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MNI POST-BOC: Reinforced Confidence Tightening Warranted

By Yali N'Diaye
     OTTAWA (MNI) - While the Bank of Canada maintained the overnight rate
target unchanged at 1.25% Wednesday, as widely expected by markets, and
confirmed its "cautious" and data-dependent approach to the normalization
process, its wording showed a greater confidence in the need for that process to
continue to unfold.
     "Progress" on the inflation and wage growth fronts "reinforces" the BOC's
view "that higher interest rates will be warranted over time," the central bank
said in its statement.
     In its March 7 statement, the BOC's language about the need to further hike
rates was less assertive: "the economic outlook is expected to warrant higher
interest rates over time," it said then.
     Wednesday's statement repeated that "some monetary policy accommodation
will still be needed to keep inflation on target."
     While the BOC acknowledged the weaker-than-expected first quarter GDP
performance, which translated into a downgrade of the forecast for annualized
GDP growth to 1.3% from 2.5%, it expects a strong rebound in the second quarter
to 2.5%.
     The overall 2018 GDP estimate was thus only revised down to 2.0% from 2.2%
in January, while the 2019 estimate was revised up to 2.1% from 1.6%, before
growth slows to 1.8% in 2020. Growth estimates now include the impact of the
federal and provincial governments budgets.
     Potential growth was also revised up, to 1.8% in 2018, 2019 and 2020, from
1.4%, 1.5%, and 1.6%, respectively.
     That means growth is expected to grow at an above-potential rate through
2020, with inflation close or above the 2.0% target.
     The central bank is also confident the housing sector will rebound after a
weak performance in the first quarter, as well as exports.
     Declines in existing home sales in January and February, Governor Stephen
Poloz said, were more reflective of a timing issue, as sales were pulled forward
to the end of 2017 to avoid more stringent mortgage qualification rules starting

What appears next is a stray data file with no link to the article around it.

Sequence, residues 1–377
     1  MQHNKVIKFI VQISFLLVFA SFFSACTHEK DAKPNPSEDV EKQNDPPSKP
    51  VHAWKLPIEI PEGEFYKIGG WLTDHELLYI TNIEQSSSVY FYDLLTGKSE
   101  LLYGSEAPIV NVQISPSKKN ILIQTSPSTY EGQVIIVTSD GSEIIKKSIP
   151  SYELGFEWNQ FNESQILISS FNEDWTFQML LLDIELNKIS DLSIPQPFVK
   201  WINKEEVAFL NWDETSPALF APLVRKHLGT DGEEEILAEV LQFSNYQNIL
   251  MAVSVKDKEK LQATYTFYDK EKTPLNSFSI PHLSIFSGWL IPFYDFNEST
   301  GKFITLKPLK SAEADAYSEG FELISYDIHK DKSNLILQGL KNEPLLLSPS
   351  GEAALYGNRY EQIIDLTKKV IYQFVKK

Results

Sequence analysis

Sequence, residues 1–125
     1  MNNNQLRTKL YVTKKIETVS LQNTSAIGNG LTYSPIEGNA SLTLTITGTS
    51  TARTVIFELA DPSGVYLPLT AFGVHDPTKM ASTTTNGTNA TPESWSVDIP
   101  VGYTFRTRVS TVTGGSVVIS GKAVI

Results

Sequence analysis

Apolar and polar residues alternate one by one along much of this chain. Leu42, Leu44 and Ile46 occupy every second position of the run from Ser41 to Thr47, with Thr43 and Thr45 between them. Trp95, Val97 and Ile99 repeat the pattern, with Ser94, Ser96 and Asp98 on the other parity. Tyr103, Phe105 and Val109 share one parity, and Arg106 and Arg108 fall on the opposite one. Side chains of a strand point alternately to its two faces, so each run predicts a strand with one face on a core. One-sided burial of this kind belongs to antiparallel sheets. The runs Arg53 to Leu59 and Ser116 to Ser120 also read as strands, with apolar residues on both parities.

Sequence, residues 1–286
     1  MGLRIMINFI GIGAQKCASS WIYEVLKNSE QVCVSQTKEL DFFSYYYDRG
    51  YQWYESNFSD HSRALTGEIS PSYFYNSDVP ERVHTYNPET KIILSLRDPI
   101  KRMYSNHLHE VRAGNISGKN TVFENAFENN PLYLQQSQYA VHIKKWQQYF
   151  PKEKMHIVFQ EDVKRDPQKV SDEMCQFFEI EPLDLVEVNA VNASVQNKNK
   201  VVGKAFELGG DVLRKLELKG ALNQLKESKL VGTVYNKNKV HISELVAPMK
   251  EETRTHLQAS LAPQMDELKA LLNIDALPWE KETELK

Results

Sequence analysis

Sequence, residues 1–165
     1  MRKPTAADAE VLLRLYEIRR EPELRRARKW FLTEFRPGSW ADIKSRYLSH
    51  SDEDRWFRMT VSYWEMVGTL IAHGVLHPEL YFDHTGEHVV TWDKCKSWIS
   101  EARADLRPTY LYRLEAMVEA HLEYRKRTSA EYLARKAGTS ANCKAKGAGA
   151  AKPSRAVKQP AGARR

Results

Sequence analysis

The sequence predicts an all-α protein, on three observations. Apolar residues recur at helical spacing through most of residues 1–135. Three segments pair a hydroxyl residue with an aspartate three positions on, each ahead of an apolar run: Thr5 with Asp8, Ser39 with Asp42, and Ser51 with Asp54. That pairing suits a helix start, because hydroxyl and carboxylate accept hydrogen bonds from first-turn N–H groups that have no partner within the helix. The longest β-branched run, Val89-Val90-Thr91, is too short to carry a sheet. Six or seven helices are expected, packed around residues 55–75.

in last January.
     Exports, for their part, have been affected by transportation bottleneck.
     As a result, "some of the weakness in housing and exports is expected to be
unwound as 2018 progresses."
     Exports are one of the key pillars of the BOC's growth rotation scenario it
is sticking to, with investment being the other engine, while the contribution
of consumption to growth moderates.
     Like exports, investment has been "held back" by competitiveness challenges
and uncertainty about trade policies.
     That being said, "business investment should continue its recovery," the
Monetary Policy Report said, especially in services and information technology.
     Such an outlook definitely warrants higher rates, although the timing and
scope of future rate hikes remain data dependent.
     Higher investment would contribute to capacity building, which has already
made "some progress." 
     This would mean more room for growth without creating inflation pressures,
and would allow the BOC more time to further assess the economy's response to
higher rates, notably in the housing sector. 
     Also discouraging the BOC from rushing are growing trade tensions, with a
"notable shift" toward protectionism remaining the main downside risk to the
     "Trade policy is an increasingly prominent risk to the global economic
expansion," the MPR said. "U.S. tariff announcements and proposed retaliatory
actions by China raise the risk of a more pronounced shift away from a
multilateral, rules-based system."
     The BOC added that "a wide range of outcomes" remained possible for the
North American Free Trade Agreement.
     That being said, assumptions on the impact of U.S. policies and the
uncertainty that goes with them remained the same as in January, while reports
continue about a possible NAFTA deal sooner rather than later.
     The U.S. tax reform is estimated to cut the level of Canadian exports by
0.9% by the end of 2020, and the level of business investment by 2.1% over the
same horizon.
     So despite the escalating tensions that "risk undermining the global
expansion," the BOC did not change its assumptions for the impact on investment
in particular.
     Overall, Wednesday's statement and MPR showed that while the BOC will
remain cautious, it seemed to start setting the stage for a rate hike perhaps as
soon as July, depending on data, notably capacity.
--MNI Ottawa Bureau; +1 613 869-0916; email:
[TOPICS: M$C$$$,MX$$$$]

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